Investors more spooked by French election than Brexit
While ratings agencies see little chance of either country going bust, it now costs over a third more to insure against a Gallic default than a British one
French elections are worrying credit investors more than Britain's exit from the European Union. While ratings agencies see little chance of either country going bust, it now costs over a third more to insure against a Gallic default than a British one. The scope to weaken its currency is what makes the United Kingdom a slightly better credit risk.
Five-year French credit default swaps (CDS) were at 40 basis points on Jan. 27, which means it would cost 40,000 euros to protect 10 million euros of exposure to French bonds, according to data from financial information company Markit. Comparable UK CDS were at 28 basis points. The extra cost for insuring against a French default rather than a British one recently hit its highest since the fourth quarter of 2015.
During most of the second half of 2016 it cost more to insure against a UK default than a French one as investors focused on how much the British economy might suffer after leaving the European Union. Over the past two months, however, jitters about French presidential elections in April and May have come to the fore.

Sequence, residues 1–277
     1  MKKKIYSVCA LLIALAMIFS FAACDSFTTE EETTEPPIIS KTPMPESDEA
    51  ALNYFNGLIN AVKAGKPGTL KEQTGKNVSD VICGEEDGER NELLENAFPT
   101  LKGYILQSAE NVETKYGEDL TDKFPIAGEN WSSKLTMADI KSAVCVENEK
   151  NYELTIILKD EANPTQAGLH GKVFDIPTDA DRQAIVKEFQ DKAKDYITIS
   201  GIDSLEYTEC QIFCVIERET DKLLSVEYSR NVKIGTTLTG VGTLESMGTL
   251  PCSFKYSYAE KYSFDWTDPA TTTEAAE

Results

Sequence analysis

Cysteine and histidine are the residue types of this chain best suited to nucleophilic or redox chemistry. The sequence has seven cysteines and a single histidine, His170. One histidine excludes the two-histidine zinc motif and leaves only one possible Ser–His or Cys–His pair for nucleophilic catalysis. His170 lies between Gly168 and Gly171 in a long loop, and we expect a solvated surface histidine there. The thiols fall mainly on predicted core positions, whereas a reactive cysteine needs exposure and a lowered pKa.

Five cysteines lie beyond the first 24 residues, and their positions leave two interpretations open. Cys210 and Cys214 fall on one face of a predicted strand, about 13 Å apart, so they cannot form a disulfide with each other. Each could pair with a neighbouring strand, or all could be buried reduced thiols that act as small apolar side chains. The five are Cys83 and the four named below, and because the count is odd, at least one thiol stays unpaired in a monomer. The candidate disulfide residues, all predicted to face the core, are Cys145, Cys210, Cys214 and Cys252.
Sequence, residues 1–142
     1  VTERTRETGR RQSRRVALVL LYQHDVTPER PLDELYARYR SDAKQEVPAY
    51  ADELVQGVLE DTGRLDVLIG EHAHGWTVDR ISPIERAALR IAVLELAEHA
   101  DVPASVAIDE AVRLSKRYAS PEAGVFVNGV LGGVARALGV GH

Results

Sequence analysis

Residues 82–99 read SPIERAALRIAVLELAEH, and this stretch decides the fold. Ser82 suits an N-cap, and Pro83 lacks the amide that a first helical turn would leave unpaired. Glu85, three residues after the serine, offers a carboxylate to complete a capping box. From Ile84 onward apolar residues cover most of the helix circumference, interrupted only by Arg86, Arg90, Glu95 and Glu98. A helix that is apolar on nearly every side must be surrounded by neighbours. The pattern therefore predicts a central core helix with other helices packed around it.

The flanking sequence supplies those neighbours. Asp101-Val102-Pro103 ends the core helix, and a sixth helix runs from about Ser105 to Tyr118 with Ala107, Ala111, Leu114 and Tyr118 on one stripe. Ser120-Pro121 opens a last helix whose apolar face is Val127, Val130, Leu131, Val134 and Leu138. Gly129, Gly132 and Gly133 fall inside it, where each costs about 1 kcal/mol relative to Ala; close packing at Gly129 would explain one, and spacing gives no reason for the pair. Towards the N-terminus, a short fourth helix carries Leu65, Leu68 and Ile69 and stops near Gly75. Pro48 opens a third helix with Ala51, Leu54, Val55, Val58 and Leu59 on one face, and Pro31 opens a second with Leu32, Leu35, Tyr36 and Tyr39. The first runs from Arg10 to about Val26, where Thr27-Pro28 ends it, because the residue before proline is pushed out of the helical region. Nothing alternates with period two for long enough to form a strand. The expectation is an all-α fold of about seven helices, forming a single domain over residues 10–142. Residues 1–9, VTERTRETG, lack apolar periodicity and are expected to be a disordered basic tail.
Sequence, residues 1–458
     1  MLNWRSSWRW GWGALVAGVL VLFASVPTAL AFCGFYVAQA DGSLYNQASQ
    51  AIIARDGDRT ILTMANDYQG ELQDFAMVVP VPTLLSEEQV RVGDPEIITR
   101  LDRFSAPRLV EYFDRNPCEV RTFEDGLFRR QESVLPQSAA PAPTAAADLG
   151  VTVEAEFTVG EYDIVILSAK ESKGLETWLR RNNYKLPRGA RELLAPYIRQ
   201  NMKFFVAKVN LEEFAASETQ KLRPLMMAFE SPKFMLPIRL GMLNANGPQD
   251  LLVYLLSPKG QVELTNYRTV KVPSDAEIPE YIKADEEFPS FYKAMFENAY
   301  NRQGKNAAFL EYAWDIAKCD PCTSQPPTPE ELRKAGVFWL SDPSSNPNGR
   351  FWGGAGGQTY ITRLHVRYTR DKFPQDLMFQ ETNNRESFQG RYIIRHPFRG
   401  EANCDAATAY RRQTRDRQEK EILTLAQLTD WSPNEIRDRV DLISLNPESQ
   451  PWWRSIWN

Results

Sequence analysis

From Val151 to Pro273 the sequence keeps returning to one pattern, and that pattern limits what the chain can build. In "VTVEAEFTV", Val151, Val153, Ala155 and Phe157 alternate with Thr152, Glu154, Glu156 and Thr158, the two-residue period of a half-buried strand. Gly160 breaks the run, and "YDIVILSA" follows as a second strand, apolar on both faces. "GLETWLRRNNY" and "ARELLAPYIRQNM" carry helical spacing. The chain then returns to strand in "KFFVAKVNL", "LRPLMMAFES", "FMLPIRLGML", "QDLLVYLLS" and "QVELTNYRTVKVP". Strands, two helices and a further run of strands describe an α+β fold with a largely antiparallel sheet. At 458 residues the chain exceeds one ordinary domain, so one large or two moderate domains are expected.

Investors can be forgiven for feeling nervy after being caught off guard by Britain's EU vote and the election of U.S. President Donald Trump. Even so, the market pricing is odd in some ways. Britain and France have very similar credit ratings and roughly comparable levels of debt relative to GDP. But the UK faces a much longer and more profound period of uncertainty as it seeks to remove itself from the EU. French elections, by contrast, will probably bring far less flux.
Polls show far-right leader Marine Le Pen, who wants to reintroduce a national currency alongside the euro, will be beaten by either the centre-right's Francois Fillon, who wants to cut government spending, or Emmanuel Macron, a reformist who served in the Socialist government and is now running as an independent. Socialist pick Benoit Hamon, who has more radical left-wing policies, is not a contender, based on current soundings.
Still, for credit investors, the important difference between the UK and France is that the former has its own currency, which gives it scope to devalue its way out of problems, whereas the latter is locked into the euro. Getting repaid in a weakening currency is far from ideal, but beats not being paid at all.